What we focused on most when formulating the Purpose was to make it something that each and every employee at each of the operating companies would feel proud and take ownership of.
SDGs in Business Management is a framework to promote initiatives to fulfill the Purpose. It is a management approach specifically designed to materialize the Theme Park concept, and we have positioned it as a business foundation in the new Mid-Term Management Plan. Going forward, we will create a framework that uses SDGs in Business Management to clarify the social challenges that the Sompo Group faces, develop them into earning power over the medium to long term, and communicate and promote them outside the company to fulfill the SOMPO’s Purpose.

Ms. Sakai Mr. Hamada talked about the Sompo Group as a whole, including its Purpose and the new Mid-Term Management Plan, but Sompo Japan Insurance Inc., which is the core company of the Sompo Group, was founded in the early years of the Meiji Era in 1888, rooted in local fire brigade in Edo. We have carried on our mindset of protecting our customers and contributing to society for 130 years.
The President of Sompo Japan attended the Rio Earth Summit in 1992 and established the Department of Global Environment in the same year. I was also assigned to this Office in 1996. I remember many people asking at that time "why a P&C insurance company addresses environmental issues.” However, since expectations for companies have evolved from Corporate Social Responsibility (CSR) to Creating Shared Value (CSV), and then contribution to SDGs, I feel that Sompo Japan was one of the companies that realized its value quite early.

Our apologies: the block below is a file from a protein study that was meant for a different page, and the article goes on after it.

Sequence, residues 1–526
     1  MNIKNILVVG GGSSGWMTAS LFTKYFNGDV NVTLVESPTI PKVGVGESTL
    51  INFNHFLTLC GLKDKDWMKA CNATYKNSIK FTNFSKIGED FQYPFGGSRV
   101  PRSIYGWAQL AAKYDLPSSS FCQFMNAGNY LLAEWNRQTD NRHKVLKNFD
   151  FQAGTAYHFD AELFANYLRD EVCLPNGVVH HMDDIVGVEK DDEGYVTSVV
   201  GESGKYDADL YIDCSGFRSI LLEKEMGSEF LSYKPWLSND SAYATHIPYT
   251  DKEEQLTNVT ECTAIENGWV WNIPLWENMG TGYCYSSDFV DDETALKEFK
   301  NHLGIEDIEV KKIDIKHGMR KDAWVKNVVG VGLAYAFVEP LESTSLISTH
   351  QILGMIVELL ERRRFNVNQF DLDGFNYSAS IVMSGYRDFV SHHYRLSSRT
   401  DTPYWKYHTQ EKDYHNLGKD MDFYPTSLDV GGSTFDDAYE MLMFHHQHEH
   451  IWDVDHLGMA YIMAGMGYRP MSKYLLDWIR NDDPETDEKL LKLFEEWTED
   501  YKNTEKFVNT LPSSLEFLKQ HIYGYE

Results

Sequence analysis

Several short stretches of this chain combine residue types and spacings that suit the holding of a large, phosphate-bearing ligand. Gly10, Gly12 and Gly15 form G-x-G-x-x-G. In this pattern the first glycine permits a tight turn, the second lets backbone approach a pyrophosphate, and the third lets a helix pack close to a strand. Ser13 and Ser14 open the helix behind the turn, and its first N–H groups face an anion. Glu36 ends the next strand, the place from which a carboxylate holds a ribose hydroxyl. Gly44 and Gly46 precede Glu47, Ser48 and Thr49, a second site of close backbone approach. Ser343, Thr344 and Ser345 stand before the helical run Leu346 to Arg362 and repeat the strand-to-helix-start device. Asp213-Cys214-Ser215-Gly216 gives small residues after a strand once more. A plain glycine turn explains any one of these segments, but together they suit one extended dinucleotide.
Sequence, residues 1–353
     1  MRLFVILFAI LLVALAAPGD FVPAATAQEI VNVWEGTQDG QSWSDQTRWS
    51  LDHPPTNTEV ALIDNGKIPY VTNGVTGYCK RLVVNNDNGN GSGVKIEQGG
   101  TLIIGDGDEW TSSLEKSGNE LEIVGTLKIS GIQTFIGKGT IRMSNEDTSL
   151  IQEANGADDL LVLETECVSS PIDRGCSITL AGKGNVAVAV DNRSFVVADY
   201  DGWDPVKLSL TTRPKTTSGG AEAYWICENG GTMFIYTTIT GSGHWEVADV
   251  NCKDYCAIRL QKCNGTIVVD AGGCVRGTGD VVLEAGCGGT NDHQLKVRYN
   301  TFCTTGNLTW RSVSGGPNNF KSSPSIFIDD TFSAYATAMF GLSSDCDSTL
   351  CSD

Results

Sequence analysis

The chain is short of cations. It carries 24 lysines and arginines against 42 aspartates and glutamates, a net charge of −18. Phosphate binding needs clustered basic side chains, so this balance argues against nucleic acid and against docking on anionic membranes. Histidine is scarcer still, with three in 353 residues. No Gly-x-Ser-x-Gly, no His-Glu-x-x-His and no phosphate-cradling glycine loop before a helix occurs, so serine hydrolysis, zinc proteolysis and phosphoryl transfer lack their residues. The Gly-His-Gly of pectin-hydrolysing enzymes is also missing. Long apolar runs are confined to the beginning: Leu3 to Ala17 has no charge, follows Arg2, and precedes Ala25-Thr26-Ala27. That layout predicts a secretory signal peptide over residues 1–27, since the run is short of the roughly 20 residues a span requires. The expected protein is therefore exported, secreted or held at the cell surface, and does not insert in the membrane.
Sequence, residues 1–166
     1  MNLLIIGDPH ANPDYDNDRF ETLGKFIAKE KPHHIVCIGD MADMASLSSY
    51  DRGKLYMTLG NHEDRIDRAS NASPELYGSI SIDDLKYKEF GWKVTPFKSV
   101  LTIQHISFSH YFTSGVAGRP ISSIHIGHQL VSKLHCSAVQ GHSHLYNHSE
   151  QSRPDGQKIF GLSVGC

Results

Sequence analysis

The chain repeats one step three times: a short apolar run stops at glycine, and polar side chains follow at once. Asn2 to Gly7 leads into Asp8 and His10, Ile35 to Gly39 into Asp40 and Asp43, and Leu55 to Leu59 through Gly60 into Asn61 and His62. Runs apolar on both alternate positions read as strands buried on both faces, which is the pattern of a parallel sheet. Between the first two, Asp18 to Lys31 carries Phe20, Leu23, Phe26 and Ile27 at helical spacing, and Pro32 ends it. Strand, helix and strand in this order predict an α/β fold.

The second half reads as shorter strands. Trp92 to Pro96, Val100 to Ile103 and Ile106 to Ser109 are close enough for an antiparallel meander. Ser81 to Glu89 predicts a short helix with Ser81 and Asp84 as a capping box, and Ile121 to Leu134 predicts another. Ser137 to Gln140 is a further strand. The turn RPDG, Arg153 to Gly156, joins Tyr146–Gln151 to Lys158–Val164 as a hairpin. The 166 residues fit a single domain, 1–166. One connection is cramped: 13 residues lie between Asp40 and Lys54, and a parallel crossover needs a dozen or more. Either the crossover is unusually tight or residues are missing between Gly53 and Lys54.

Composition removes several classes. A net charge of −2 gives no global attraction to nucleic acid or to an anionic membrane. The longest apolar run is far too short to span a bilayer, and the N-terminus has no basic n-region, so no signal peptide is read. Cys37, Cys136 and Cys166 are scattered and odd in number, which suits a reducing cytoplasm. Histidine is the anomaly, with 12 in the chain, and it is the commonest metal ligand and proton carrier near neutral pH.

In fact, about 85% of Sompo Japan Insurance Inc’s employees think that their work is related to sustainability. The challenge is how to evolve this idea while tying it into business. I believe that if we can create a virtuous cycle of solving social challenges and creating social value through our core business, we will grow into an even better company.
We have clearly stated our focus on “SDGs in Business Management” in the new Mid-Term Management Plan, and we fully intend to establish a unique position in this field.

Mr. Sasaya Tying SDGs to management is a great idea and is extremely important. Differences in the competency of top management and employees in terms of their understanding of sustainability become apparent through management. This has been a point of focus since the publication of the “Guidance on Social Responsibility (ISO26000:2010).” The Sompo Group already has this. Your company’s legacy, including its CSR activities, is a great strength.
The impact of the Sompo Group, with its long history of CSR, turning to SDGs in Business Management is profound. The SDGs are related to all four elements of management - people, goods and services, money, and information - and there are methods for incorporating them into management, which makes them an effective compass for disseminating information worldwide. I think it is remarkable that your company has adopted this as the basis for management.

What are the features of the Sompo Group’s SDGs in Business Management?

Mr. Hamada I see the term SDGs in Business Management as a framework for management that does not simply mean “manage with SDGs in mind” but rather something that includes clarifying issues that need to be addressed to fulfill the Purpose, carrying out the PDCA (Plan-Do-Check-Act) cycle for long-term initiatives, and communicating the results. While there are many management frameworks for pursuing short and medium-term results, particularly in insurance, there have not been many frameworks for promoting long-term, non-financial initiatives.